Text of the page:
7 Great Beaches in Belize
Belize(formerly British Honduras) is home to a large mainland island and hundreds of smaller surrounding barrier islands (cayes). The island nation is one of the Caribbean’s premiere spots for snorkeling and diving, surrounded by the beautiful 190-mile Belize Barrier Reef, part of the Mesoamerican Barrier Reef System, the second-largest barrier reef in the world, second only to the Great Barrief Reef in Australia. Pristine beaches abound at a variety of tourist areas, including the charming San Pedro Town on Ambergris Caye and the nightlife-heavy Caye Caulker.
Placencia is a beach resort area on Belize’s Placencia Peninsula, that spans 16 miles along the island’s southern coastline, the longest stretch of beachfront on the island’s mainland. The beach is frequently referred to as “barefoot perfect” and is the island nation’s most popular beachfront getaway, home to the charming villages of Seine Bight, Maya Beach, and Placencia Village. Wide stretches of white sand beaches front the Caribbean Sea and the Placencia Lagoon, flanked by a backdrop of the majestic Maya Mountains. Visitors can kayaking, saltwater fly fish, dive, and snorkel among the Belize Barrier Reef by day and enjoy top-tier dining and nightlife options in all three villages during the evening hours. Annual events held on the peninsula include a Lobster Fest and frequent whale shark watching opportunities and tours between April and July.
Caye Caulker is Belize’s second-largest island, spanning four miles in the Caribbean approximately 21 miles northeast of the coast of Belize City. The island’s formerly fishing-based economy has given way to tourism in recent years, known today for its vibrant nightlife and affordable lodging options. Calm, clear waters on the island’s reef side make for perfect swimming conditions, while the Caye Caulker Marine Reserve makes for a prime spot for diving and snorkeling due to its proximity to the Belize Barrier Reef. Eco-tours offer opportunities to see manatees, mangrove lagoons, and more than 120 species of tropical birds up close. After a long day of watersports and beach activities, visitors can enjoy many fine and casual dining restaurants on the island or peruse the island’s shops and nightlife spots.
Silk Caye is the name for two deserted islands approximately 20 nautical miles off the eastern coast of the Placencia Peninsula, home to the Silk Caye Marine Reserve, which has been a protected natural area since 2003. The islands serve as a jumping-off point for scuba divers looking to explore the region’s beautiful coral reef marine ecosystem, which is home to protected wildlife such as staghorn, fire, and elkhorn coral, loggerhead and Hawksbill sea turtles, and great hammerhead sharks. Visitors are welcome to sail their own boats to the island for diving or relaxing, secluded picnics & those all important social media photos.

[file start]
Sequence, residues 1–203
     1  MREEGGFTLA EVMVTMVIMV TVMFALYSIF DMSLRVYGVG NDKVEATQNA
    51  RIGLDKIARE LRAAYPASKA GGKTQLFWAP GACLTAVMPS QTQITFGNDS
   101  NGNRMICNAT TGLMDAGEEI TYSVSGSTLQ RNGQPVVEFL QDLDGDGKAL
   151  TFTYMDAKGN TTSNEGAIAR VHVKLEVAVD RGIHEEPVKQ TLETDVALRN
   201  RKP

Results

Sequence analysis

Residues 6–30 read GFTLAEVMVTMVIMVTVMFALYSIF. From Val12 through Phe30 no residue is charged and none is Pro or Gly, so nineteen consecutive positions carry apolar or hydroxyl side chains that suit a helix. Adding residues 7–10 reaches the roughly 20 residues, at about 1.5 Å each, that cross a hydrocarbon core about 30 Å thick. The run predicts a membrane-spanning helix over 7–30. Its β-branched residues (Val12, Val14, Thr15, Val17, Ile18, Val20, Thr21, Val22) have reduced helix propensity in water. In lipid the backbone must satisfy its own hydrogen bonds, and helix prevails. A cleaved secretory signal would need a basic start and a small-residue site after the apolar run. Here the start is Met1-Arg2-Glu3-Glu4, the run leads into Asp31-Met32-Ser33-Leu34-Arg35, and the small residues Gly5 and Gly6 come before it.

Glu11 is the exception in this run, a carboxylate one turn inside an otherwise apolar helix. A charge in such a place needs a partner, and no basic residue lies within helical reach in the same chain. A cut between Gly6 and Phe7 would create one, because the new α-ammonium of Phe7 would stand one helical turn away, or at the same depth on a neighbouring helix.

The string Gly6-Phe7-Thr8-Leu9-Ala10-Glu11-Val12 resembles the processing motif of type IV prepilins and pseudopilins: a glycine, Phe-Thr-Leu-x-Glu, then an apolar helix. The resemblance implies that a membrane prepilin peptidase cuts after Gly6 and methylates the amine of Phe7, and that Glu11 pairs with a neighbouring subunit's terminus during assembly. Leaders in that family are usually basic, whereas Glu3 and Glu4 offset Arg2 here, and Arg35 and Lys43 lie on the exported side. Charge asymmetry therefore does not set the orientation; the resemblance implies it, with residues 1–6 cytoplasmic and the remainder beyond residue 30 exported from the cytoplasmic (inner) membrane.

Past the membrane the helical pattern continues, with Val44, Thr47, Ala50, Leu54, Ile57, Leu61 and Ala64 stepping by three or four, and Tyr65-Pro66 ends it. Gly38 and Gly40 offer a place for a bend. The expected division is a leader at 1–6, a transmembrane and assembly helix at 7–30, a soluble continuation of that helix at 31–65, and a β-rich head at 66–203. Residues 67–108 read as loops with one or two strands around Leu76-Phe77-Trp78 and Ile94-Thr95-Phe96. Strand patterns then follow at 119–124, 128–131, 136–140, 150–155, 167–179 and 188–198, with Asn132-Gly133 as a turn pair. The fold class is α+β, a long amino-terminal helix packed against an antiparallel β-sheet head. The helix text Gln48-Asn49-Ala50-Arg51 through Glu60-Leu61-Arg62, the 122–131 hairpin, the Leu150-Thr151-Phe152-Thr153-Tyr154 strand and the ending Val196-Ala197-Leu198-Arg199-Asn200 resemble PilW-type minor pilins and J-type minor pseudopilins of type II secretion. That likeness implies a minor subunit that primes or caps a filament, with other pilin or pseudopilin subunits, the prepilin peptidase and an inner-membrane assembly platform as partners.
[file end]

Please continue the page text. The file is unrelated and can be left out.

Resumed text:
Hopkins Village is a lovely beachfront village that is home to Belize’s largest current population of Garifuna people, who are a mixed-race ethnic group of Native Caribbean and enslaved African descent. The laid-back village is known for its picturesque beachfront, which provides swimming, snorkeling, and watersports access to the beautiful turquoise waters of the Caribbean and the Belize Barrier Reef, located only 20 miles offshore. Mayan architectural sites can be viewed in the nearby Belizean rainforest, which can be explored as part of guided eco-tours. The vibrant village is also known for its unique local culture, which showcases plentiful daily dancing and drumming demonstrations. Delicious Caribbean, South and Central American, and seafood restaurants abound for visitors to enjoy after a long day on the beach or in the rainforest.
Ambergris Caye is the largest island in Belize and serves as its primary tourist destination, formerly connected to the Yucatan as a peninsula during the time of the Mayan civilization. The island is best known for its amazing scuba diving and snorkeling conditions, providing convenient access to the Belize Barrier Reef, which spans the entire island shoreline approximately one mile east of its coastline. Many certified diving schools on the island offer lessons and equipment rentals, providing visitors with a chance to observe sea turtles, manta rays, nurse sharks, and tropical fish in their natural environments. In charming San Pedro Town, delicious restaurants and quaint tourist shops line the main thoroughfares, with the annual lobster festival being the main event to see.
6.Half Moon Caye
Half Moon Caye is a charming island located along the Lighthouse Reef Atoll’s southwestern corner, noted as a top snorkeling and diving site in North America by a number of national and international publications. The caye is home to gorgeous sand beaches surrounded by crystal-clear waters that are densely populated with native marine life, including loggerhead turtles, stingrays, sand eels, hogfish, and a variety of coral species. On the protected national park island, habitats provide the only known home for the Belize Atoll gecko in the world, along with the only viable breeding site in the western Caribbean for the red-footed booby.
Southwest Caye is a privately-owned island along the eastern portion of the Belize Barrier Reef, located 36 miles due east of Dangriga. The island is one of Belize’s best diving spots, noted for its steep shoreline cliffs at heights of 130 and 350 feet that make for excellent unique diving platforms for experienced divers to see sea turtles, eagle rays, and a wide variety of corals and sponges. Snorkeling, SUP paddleboarding, kayaking, and saltwater fishing are also popular activities on the island, which is populated by tarpon, marlin, sailfish, and bonefish in its surrounding waters.
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